Dr. Tom Smith of BYU and BJ Kirschhoffer of PBI talk about studying the maternal dens of the polar bears on Alaska's north slope.

© Polar Bears International

2/15/2016 5:53:57 PM

Maternal Den Study 2016: Finding Polar Bears in the Great, White North

Fieldwork in the Arctic is especially challenging in winter, with bitterly cold temperatures and rapid weather shifts. But it also yields important information on polar bears, which is why scientists venture into the vast whiteness year after year.

At the end of February, PBI's Geoff York, senior director of conservation, Dr. Tom Smith of Brigham Young University, who serves on our Scientific Advisory Council, and Wes Larson, BYU graduate student, will fly to Alaska to deploy video camera monitoring systems at polar bear maternal den sites.

Locating a polar bear den is not an easy task in the flat light and totally white landscape of the North Slope. The wind whips, the sky is almost the same color as the ground, and it's virtually impossible to see any definition in the landscape.

In past years, researchers have been led to polar bears' dens by following pregnant females wearing radio or satellite collars, or more recently with Forward-Looking InfraRed (FLIR) technology, which can detect heat under the snow. The field team then place cameras 100 meters from the dens to monitor the mother and cub exiting and their behavior while in the area.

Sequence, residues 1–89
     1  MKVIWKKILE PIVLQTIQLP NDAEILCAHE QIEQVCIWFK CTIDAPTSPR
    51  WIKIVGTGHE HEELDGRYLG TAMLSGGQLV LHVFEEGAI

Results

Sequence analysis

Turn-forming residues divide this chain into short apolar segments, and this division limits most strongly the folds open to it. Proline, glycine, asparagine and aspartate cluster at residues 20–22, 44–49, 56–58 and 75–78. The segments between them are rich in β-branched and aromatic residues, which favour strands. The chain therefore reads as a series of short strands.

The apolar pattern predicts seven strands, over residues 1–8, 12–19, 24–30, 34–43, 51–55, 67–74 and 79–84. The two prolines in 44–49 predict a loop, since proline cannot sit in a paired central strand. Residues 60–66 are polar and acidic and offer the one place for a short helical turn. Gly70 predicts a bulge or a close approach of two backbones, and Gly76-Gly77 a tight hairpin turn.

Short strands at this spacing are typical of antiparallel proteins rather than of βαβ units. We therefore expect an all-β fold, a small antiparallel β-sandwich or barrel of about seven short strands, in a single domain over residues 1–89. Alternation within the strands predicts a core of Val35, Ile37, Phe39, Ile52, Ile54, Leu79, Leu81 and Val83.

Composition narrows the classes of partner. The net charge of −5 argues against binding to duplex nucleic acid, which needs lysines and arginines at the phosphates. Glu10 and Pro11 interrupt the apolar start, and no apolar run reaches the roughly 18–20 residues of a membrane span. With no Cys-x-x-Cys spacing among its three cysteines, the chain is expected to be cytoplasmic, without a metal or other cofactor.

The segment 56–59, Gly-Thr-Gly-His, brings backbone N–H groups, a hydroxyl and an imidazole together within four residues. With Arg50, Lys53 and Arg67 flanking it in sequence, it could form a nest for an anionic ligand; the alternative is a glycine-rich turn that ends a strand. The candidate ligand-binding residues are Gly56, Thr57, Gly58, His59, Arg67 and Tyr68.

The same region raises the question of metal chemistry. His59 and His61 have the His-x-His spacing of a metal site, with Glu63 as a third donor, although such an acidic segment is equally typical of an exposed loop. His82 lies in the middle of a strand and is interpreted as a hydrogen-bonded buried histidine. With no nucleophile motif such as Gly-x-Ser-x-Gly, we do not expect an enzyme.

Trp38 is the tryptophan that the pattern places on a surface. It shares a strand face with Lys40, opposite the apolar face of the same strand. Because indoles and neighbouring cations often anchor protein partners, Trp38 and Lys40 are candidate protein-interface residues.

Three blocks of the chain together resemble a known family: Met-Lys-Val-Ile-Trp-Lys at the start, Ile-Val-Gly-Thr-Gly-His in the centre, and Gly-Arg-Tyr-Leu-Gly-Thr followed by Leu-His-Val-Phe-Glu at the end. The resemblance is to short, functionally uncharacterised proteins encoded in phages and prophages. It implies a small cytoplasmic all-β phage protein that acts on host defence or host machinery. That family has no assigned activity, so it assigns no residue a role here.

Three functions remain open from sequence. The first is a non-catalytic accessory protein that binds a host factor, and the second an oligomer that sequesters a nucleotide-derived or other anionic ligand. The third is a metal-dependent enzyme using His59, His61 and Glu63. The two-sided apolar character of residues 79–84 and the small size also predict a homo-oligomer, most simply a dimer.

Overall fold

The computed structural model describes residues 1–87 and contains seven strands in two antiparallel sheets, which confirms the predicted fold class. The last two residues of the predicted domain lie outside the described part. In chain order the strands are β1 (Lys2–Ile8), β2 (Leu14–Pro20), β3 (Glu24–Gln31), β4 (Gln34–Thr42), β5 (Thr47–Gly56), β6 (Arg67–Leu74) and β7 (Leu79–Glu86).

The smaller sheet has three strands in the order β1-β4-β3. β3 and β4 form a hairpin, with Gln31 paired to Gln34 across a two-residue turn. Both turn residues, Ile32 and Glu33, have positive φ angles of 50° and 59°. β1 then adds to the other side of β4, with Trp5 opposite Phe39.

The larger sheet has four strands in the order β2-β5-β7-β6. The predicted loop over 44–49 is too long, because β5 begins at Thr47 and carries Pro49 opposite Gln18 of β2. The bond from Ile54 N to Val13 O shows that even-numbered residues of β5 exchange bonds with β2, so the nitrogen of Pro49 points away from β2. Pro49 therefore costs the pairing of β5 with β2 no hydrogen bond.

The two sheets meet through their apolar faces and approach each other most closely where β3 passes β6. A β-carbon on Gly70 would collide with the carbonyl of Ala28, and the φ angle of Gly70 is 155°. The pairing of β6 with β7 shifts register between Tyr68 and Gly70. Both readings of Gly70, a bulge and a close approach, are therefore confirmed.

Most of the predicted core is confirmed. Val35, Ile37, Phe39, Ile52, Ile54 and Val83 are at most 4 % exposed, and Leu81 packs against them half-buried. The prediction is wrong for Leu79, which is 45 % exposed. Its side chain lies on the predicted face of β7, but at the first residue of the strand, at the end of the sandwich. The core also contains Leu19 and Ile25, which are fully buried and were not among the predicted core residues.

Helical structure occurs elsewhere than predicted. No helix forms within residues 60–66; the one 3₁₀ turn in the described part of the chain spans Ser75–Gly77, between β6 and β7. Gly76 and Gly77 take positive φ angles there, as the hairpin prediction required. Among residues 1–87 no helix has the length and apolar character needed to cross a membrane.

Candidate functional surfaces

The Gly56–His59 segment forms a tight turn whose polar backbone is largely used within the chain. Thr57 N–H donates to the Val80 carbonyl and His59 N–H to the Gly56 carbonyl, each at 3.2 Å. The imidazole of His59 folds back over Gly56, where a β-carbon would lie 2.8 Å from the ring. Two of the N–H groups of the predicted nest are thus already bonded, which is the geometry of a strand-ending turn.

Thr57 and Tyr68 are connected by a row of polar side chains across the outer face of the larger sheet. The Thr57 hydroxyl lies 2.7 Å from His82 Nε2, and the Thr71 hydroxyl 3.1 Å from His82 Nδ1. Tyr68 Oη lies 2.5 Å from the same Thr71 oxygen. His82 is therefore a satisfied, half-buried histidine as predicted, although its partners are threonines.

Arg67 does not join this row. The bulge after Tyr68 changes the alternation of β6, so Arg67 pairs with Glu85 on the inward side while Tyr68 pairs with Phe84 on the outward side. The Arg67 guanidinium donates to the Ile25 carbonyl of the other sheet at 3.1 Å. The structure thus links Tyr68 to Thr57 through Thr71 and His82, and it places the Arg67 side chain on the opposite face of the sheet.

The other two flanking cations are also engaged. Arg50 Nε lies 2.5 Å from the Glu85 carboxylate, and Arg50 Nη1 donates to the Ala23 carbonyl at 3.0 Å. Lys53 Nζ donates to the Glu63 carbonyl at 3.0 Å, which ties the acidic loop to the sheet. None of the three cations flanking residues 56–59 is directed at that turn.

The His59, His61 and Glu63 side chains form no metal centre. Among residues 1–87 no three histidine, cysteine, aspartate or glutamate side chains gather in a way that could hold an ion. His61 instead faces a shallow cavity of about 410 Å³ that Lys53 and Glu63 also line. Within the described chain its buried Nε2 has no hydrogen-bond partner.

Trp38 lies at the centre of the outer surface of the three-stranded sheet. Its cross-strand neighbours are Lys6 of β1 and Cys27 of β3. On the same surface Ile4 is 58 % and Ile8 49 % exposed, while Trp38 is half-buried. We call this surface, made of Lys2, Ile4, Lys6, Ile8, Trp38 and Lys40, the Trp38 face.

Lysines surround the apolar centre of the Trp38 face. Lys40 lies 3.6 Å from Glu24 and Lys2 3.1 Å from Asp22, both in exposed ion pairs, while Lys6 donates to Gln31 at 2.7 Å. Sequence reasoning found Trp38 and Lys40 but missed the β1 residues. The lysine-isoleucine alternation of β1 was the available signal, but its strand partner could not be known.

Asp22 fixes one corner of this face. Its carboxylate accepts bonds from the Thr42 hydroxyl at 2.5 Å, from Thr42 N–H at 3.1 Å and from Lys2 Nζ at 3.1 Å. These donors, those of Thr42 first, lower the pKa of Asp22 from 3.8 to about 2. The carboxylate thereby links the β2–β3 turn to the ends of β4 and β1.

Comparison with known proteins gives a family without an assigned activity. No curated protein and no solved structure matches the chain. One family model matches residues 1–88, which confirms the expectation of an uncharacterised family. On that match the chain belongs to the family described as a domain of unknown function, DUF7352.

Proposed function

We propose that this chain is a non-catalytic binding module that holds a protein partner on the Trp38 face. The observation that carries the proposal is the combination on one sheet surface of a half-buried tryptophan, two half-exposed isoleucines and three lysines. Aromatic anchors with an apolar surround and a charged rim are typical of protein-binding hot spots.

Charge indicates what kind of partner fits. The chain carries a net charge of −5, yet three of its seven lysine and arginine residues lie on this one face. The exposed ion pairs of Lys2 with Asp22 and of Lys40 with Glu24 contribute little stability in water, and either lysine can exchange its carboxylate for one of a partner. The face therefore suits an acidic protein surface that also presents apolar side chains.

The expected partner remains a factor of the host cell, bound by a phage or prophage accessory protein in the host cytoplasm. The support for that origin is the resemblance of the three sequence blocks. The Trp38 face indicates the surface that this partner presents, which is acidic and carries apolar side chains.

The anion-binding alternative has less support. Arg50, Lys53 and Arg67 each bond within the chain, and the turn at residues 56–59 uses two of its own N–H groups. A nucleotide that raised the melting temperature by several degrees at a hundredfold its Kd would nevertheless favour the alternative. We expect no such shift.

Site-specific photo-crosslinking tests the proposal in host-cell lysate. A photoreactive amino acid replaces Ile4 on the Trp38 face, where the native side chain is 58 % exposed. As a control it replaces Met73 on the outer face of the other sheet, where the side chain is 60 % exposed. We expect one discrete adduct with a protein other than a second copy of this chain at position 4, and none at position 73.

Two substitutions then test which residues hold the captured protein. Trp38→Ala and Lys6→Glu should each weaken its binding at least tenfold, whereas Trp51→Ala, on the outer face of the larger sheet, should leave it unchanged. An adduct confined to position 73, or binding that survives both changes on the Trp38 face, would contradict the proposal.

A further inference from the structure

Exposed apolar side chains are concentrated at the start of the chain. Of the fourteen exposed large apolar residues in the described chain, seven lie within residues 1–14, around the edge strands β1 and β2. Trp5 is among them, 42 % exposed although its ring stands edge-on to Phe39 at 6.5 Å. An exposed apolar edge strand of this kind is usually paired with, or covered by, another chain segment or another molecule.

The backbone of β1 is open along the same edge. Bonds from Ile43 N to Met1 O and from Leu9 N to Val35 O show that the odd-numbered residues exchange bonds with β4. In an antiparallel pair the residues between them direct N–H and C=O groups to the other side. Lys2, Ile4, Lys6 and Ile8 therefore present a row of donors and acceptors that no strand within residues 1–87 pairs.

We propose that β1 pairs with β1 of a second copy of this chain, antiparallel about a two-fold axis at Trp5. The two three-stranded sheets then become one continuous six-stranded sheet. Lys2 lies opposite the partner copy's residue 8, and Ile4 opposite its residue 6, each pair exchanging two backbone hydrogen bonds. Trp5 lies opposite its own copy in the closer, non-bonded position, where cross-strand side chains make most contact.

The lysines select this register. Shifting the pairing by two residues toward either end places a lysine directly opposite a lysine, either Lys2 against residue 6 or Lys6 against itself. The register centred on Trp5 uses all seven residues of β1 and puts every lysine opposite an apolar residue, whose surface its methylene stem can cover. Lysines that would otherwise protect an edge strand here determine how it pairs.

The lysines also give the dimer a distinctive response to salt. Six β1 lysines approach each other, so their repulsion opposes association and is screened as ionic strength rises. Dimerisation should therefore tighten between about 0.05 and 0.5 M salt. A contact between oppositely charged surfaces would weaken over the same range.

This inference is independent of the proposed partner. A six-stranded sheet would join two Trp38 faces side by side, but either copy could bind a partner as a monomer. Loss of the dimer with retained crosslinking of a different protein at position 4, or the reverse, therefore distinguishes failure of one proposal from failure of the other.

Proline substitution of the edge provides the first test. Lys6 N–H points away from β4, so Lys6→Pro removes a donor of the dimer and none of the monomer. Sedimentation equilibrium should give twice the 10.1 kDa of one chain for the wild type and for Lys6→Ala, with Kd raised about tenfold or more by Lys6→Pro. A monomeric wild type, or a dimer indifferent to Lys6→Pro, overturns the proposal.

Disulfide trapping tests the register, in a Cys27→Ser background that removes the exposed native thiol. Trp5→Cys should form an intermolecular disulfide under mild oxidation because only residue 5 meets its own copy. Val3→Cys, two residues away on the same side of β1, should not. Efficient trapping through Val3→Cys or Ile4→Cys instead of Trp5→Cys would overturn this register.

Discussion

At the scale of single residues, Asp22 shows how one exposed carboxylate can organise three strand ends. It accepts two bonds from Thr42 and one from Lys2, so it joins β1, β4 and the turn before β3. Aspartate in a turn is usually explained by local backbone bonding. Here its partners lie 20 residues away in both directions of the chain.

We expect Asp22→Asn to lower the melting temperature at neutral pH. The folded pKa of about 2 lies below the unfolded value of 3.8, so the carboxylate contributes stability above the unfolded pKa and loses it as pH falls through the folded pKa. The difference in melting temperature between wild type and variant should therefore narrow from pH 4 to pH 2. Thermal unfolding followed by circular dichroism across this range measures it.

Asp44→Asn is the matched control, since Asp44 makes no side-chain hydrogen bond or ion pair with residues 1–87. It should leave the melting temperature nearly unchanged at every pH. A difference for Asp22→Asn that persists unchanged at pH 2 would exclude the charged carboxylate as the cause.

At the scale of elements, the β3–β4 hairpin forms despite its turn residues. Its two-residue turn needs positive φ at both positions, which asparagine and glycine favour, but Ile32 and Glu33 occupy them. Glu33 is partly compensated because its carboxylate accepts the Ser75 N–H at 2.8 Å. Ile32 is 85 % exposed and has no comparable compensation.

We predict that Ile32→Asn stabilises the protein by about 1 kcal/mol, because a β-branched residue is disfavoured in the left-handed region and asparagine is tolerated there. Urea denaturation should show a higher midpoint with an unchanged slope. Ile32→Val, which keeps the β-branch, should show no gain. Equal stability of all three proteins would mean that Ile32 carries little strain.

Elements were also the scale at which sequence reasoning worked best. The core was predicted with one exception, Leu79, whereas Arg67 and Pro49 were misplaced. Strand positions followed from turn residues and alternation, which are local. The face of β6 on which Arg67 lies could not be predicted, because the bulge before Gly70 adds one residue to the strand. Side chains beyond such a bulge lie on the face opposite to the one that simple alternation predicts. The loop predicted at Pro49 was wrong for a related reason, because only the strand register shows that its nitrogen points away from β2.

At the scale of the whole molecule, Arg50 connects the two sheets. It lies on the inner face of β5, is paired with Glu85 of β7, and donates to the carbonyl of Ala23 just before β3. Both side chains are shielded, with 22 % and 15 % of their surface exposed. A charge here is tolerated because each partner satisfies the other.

Six weeks after placing the cameras, they pick them up and analyze the footage—hours of snow and blowing snow—and, if they are lucky, moments of behavior rarely seen by people.

This year the team is faced with a new challenge: no known dens to monitor.  They will guide their efforts with information provided by the U.S. Fish and Wildlife Service FLIR surveys, the joint PBI/BYU/Michigan Tech Research Institute SAR den survey, and the historical den data record.

"We will be visiting high-probability areas where we have had success in the past," York said. "We have three to four places in mind where we will have a reasonable chance of observing polar bear denning activity."

The researchers will also set the cameras further back than in past years to get a wider shot, and thus a better chance of filming the bears as they leave the den.

The maternal den studies provide a baseline of polar bear behavior in northern Alaska. The 14-year-old study addresses the following questions:

  • When do polar bears typically emerge from their dens with cubs?
  • How long do families hang around at the den site before heading to the sea ice to hunt seals?
  • What do they do?
  • How sensitive are denning polar bears to human disturbance?

Smith said they've found that "individual bears can be pretty resilient to human activities, but it is sometimes hard to tell what causes an early den departure."

 As their sea ice habitat forms later in the year and melts earlier, due to anthropogenic climate change, more polar bears may be denning on land than on sea ice, a notable shift from behavior in the past.

This research gives us a broader picture of denning behavior—increasingly important information as human activity increases and the sea ice shrinks.

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